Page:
Combining Nanotechnology and Radiation to Enhance Checkpoint Blockade Immunotherapy of Advanced Prostate Cancer
Posted September 21, 2021
Wenbin Lin, Ph.D., University of Chicago
Ralph Weichselbaum, M.D., University of Chicago
Steven Chmura, Ph.D., University of Chicago
Dr. Wenbin Lin
It is estimated that 1 in 7 men will be diagnosed with prostate cancer (PCa) in his lifetime. Although many men with PCa initially respond well to treatments including surgery, radiation, and/or hormone therapy, approximately 50,000 men a year experience recurrent, metastatic disease. Radiotherapy is a highly effective treatment option for visible tumors that can be directly targeted with X-rays, but is rarely sufficient in treating metastatic cancer cells that have spread throughout the body and often requires higher, toxic doses when treating recurrent disease. Research suggests that any benefit outside the direct site of the radiation is likely due to activation of the immune system, and this has been shown to be beneficial in other cancers through the successful combination of immunotherapy (via checkpoint blockade) with radiotherapy in treating both local and metastatic PCas. In an effort to develop new, less toxic and more effective radiotherapy-based treatments for recurrent and metastatic tumors, Drs. Wenbin Lin, Ralph Weichselbaum, and Steven Chmura at the University of Chicago are developing and testing new nanotechnologies to shrink local or metastatic prostate tumors with low X-ray doses while simultaneously boosting the patient’s own immune system to further enhance the response and fight metastasis.
Dr. Ralph Weichselbaum
With funding from an FY17 Idea Development Award, the research team investigated the mechanism of an X-ray activated cancer vaccination process that combines cancer immunotherapies with a particular class of nanoparticles called nanoscale metal-organic frameworks (nMOFs). When activated by X-rays, nMOFs generate reactive oxygen species (free radicals) to kill tumor cells and release danger signals to the patient’s immune system. These danger signals help to educate and direct tumor specific immune cells to go out and kill metastases both within the prostate and throughout the body. Recently published results showed the potential of these nanoparticle/X-ray combinations to act as an in situ cancer vaccine (made in the body) to awaken the host’s immune systems for antitumor immunity. This technology can benefit PCa patients by enhancing the direct ability to kill local tumor cells while lowering the dose of radiation needed and thus decreasing toxicity.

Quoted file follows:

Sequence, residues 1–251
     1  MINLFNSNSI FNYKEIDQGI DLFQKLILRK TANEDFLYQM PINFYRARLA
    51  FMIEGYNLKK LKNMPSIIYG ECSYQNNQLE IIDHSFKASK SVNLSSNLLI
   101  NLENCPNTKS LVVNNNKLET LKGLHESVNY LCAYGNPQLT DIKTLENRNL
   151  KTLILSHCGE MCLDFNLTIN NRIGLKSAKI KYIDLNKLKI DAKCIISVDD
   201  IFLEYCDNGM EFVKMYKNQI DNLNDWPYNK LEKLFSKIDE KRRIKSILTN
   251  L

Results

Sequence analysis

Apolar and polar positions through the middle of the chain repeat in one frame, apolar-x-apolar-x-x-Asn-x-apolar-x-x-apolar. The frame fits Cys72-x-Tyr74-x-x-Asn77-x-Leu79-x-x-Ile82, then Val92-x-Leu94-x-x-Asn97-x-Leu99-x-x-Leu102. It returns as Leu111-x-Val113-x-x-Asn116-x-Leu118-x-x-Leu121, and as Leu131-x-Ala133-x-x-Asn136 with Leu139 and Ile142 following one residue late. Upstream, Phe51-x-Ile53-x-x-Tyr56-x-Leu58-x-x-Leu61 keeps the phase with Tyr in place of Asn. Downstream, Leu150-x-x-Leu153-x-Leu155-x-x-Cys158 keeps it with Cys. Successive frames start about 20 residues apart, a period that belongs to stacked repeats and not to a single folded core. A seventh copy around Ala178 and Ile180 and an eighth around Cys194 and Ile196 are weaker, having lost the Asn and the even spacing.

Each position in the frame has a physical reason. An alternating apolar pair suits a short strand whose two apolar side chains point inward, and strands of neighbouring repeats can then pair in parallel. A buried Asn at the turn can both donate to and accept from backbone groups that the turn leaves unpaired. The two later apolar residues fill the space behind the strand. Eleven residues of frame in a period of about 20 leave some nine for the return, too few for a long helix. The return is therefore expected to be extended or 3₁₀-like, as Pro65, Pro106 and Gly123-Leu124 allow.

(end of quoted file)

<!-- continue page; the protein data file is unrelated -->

Dr. Steven Chmura
This work demonstrates the potential of nMOFs as X-ray activated PCa vaccines and warrants the need for additional clinical studies. In the long term, the investigators hope this work will lead to new nanotherapeutics that can significantly improve the treatment outcomes of radiotherapy for patients with widely metastatic disease, and the benefits of an enhanced immune response may prolong survival and improve their quality of life.
X-ray activated cancer vaccination by combining nMOFs and cancer immunotherapies. nMOF/CpG expands cytotoxic T cells to activate the adaptive immune system for tumor regression. (Adapted from Ni et al, Sci. Adv. 2020)
Ni, K.; Lan, G, Guo, N.; Culbert, A.; Luo, T.; Wu, T.; Weichselbaum, R.R.; Lin, W. Nanoscale Metal-organic Frameworks for X-ray Activated in situ Cancer Vaccination. Sci. Adv. 2020, 6: eabb5223.
Ni, K.; Luo, T.; Culbert, A.; Kaufmann, M.; Jiang, X.; Lin, W. Nanoscale Metal-Organic Framework Co-delivers TLR-7 Agonists and Anti-CD47 Antibodies to Modulate Macrophages and Orchestrate Cancer Immunotherapy. J. Am. Chem. Soc. 2020, 142, 12579-12584.
Ni, K.; Luo, T.; Nash, G.; Lin, W. Nanoscale Metal-Organic Frameworks for Cancer Immunotherapy. Acc. Chem. Res. 2020, 53, 1739-1748.
Ni, K.; Lan, G.; Lin, W. Nanoscale Metal-Organic Frameworks Generate Reactive Oxygen Species for Cancer Therapy. ACS Cent. Sci. 2020, 6, 861-868.
Ni, K.; Lan, G.; Song, Y.; Hao, Z.; Lin, W. Biomimetic Nanoscale Metal-Organic Framework Harnesses Hypoxia for Effective Cancer Radiotherapy and Immunotherapy. Chem. Sci., 2020, 11, 7641-7653.
Last updated Tuesday, September 21, 2021